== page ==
When had he become like this? When had he forgotten to put himself first?

It’s because of her. He wept, struggling desperately to free himself from the mass which only seemed to grow. It’s because of her. She saved me. She saved me, and she’s doomed me.

But he couldn’t be mad.

He couldn’t be.

Not at Pennyroyal. Not against all the doom in the world.

Not against the memories of the Hand, the memory of his tongue being severed, and hot hot blood pouring down his chin, or a rag that tasted of chemicals being jammed into the space his tongue had left.

Not against the Pesticide storming down the hill to stop the Weeds from leaving, to stop everything, to destroy everything – and how? How did they know?

Not even against the threat of being back there again, in the Hand with Darnel Loa picking at his body parts and holding his parents over him.

Help me. Moving was getting him nowhere. Rocks and feet and nails beat into his skin. Save me.

He thought of the steel-gazed man.

Help me.

He thought of Hemlock.

Help me.

He thought of his parents.

Save me.

He thought of Poppy.

Save me.

He thought of Hellebore.

Save me.

Hellebore as she was. Strong and stern and kind and kind and kind, who saved him from the Hand, from Darnel. Hellebore who got him out.

Save me save me save me!

Hellebore who left him and Pennyroyal to be taken back.

He stopped struggling.

No one was coming to save him. No one.





It was dark. It was dark and dark and dark.

Except for him. Except for his face, glowering down at his prize.

Oleander knew he shouldn’t look. Wouldn’t look. Couldn’t look.

It was dark dark dark. Thickly dark with dank and blood and shit.

Except for him, in his clean, wrinkle-less robes.

“Little Oleander,” His grin could curdle, his teeth were too white. White like his skin, white like his hair and the priest’s collar he wore. “It’s been far too long.”

He made circles around Oleander, each footstep sending shocks through Oleander’s spine. Oleander was not ashamed of his fear.

It was him, a force no one could shame you for being afraid of.

“Did you miss me?”

Dark and dank and rank and cold. Way too cold.

“Nothing to say to an old friend?”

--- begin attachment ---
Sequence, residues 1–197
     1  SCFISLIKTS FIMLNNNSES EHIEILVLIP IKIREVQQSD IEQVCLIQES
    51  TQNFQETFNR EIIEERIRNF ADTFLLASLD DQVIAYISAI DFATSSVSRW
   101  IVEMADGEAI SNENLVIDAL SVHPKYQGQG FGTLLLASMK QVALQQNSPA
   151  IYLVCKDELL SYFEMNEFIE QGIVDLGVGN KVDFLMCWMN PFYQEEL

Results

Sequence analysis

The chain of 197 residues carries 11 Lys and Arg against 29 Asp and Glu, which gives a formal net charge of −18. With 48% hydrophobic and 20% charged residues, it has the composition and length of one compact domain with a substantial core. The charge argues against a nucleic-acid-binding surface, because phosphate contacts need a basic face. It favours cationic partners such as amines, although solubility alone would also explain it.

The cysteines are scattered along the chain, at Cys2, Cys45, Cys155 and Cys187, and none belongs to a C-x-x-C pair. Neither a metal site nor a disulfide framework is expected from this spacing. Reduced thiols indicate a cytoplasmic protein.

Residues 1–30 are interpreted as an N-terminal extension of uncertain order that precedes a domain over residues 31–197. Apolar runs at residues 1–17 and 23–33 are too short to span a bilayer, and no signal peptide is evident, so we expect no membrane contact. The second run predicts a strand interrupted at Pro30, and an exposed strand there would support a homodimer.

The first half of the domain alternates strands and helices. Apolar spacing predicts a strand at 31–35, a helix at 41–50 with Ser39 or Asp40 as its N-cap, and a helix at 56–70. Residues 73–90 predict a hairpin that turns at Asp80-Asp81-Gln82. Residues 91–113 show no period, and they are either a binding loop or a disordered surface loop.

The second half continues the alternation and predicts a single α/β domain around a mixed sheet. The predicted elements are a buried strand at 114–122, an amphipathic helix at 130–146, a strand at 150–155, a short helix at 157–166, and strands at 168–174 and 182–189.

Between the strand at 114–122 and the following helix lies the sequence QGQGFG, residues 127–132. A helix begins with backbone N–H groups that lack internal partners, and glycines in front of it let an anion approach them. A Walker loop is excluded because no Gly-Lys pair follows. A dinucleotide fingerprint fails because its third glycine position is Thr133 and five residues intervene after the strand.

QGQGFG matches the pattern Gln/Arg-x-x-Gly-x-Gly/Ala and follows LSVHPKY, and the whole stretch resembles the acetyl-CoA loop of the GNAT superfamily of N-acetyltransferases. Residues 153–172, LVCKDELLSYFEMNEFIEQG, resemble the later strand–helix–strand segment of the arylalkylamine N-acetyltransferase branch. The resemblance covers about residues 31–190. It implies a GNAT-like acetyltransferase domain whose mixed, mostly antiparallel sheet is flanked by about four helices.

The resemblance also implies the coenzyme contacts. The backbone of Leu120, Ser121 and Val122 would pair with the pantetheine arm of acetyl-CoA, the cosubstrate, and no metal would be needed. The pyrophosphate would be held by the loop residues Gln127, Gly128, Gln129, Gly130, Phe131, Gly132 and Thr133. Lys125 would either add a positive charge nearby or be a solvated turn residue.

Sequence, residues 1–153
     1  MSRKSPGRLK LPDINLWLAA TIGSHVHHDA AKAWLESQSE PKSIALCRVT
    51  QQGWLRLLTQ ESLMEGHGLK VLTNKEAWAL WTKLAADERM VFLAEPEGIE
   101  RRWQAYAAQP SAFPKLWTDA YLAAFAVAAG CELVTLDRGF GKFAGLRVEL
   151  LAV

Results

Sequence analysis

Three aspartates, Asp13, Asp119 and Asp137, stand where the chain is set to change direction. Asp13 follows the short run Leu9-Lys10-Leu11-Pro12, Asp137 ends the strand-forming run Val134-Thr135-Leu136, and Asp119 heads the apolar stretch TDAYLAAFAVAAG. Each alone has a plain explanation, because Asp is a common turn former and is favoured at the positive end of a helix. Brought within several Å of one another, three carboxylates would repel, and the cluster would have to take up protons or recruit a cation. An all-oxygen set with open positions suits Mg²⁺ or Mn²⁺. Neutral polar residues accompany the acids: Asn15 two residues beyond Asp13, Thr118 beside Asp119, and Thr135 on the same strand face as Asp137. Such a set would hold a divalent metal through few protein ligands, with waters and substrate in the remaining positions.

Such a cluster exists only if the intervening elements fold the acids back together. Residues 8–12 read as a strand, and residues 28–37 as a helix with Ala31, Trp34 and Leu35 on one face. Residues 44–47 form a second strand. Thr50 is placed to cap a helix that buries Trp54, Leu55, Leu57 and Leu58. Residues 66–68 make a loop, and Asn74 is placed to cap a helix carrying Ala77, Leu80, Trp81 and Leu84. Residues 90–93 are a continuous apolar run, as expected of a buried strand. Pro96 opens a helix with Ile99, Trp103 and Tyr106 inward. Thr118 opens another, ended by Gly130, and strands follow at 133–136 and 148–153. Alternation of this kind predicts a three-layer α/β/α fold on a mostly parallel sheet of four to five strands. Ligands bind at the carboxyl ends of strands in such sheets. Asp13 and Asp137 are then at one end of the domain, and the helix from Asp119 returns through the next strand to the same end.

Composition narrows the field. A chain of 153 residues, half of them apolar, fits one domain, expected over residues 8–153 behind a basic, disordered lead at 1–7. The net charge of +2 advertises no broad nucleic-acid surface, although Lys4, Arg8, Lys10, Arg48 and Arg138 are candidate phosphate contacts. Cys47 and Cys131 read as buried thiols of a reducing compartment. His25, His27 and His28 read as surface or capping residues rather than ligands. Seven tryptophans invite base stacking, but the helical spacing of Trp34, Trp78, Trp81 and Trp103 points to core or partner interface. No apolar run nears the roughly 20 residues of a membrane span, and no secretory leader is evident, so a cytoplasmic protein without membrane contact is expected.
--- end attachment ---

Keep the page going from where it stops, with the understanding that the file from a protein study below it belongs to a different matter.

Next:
Cold and dark and dank and rank and fear so thick it was palpable.

“What’s wrong?”

Coming closer.


Closer and closer.

“I recall you saying something to me, before you vanished.”

Closer and closer and closer.

Tears pricked the corner of Oleander’s eyes. Cold and fear set his whole body to shaking.

“What was it again?”

He was right in front of him. Towering over him. Meaty hands reaching for him, taking him by the shoulder. Tight. And even if he had had the courage to fight, his arms were tied behind him. He was helpless.

“Say it, little Oleander.”

But he couldn’t even begin to speak, could not even breathe without the air rattling as it came from within him.

“Nothing? Then let me remind you.”

Calloused hands, nails thick with redredredredred, coming for him, coming wide to grab him and crush him and crush him and crush him to dust.

To take something from him again.

A monster’s hands taking his hair in clumps and raising him from the floor quick enough to make him cry out.

“The Serpent take you.” He whispered into Oleander’s ear. He whispered into the room. He whispered into the town. He whispered to the Nameless God himself.

“And so the Serpent will,” Monster’s hands driving his face into the concrete, where his nose shattered instantly, and he lay, defenceless. “When they find out you’ve told me everything.”

Oleander could not even speak to protest, to fight, to do anything, could only twitch as Darnel Loa slid on his gloves, flexed his fingers, and hissed,
“Let’s begin.”